- 76 percent of the stories focused on allegations of voter fraud.
- 8.7 percent involved accusations that public funds were being funneled to ACORN.
- 7.9 percent of the stories involved charges that ACORN is a front for registering Democrats.
- 3.1 percent involved blaming ACORN for the mortgage scandal.
The report also found that the media, including the mainstream news media, failed to fact-check persistent allegations of voter fraud involving ACORN despite the existence of easily available countervailing evidence. The media failed to distinguish allegations of voter registration problems from allegations of actual voting irregularities. They also failed to distinguish between allegations of wrongdoing and actual wrongdoing. For example:
- 82.8 percent of the stories alleging voter fraud failed to mention that actual voter fraud is very rare.
- 80.3 percent of the stories alleging involvement in voter fraud failed to mention that ACORN was reporting registration irregularities to authorities, as required by law.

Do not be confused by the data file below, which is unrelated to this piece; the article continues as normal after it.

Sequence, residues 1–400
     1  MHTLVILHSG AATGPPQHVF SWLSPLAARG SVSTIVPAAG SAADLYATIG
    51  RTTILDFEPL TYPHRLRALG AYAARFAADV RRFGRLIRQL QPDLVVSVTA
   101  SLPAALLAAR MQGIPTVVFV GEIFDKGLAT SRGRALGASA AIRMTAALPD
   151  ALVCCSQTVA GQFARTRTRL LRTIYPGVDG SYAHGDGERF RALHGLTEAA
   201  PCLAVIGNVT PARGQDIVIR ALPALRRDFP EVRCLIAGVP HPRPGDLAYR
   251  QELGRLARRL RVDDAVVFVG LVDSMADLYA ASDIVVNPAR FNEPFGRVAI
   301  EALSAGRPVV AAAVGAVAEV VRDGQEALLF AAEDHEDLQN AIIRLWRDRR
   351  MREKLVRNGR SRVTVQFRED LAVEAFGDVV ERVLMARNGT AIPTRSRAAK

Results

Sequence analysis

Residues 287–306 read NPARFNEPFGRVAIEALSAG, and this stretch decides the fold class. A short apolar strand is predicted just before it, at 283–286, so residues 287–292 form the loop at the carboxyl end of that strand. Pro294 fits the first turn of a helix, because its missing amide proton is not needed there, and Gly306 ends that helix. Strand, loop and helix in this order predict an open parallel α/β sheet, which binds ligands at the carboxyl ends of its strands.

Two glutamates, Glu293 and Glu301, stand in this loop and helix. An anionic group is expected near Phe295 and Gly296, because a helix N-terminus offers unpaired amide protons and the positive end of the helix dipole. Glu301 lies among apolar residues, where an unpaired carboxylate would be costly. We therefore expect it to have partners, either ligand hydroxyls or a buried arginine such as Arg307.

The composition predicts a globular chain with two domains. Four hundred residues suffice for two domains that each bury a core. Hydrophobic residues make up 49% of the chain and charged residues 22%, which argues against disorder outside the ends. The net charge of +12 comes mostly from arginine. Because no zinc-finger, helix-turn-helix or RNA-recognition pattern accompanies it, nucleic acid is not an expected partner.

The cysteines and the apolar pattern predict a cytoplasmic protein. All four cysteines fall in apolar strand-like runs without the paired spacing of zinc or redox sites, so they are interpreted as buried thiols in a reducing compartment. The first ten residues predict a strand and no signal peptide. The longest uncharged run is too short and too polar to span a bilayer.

- 85.1 percent of the stories alleging involvement in voter fraud failed to note that ACORN was acting to stop incidents of registration problems by its (mostly temporary) employees when it became aware of these problems.
- 95.8 percent of the stories alleging involvement in voter fraud failed to provide deeper context, especially efforts by Republican Party officials to use allegations of voter fraud to dampen voting by low-income and minority Americans.
- 61.4 percent of the stories alleging involvement in voter fraud failed to acknowledge that Republicans were trying to discredit Obama with an ACORN scandal.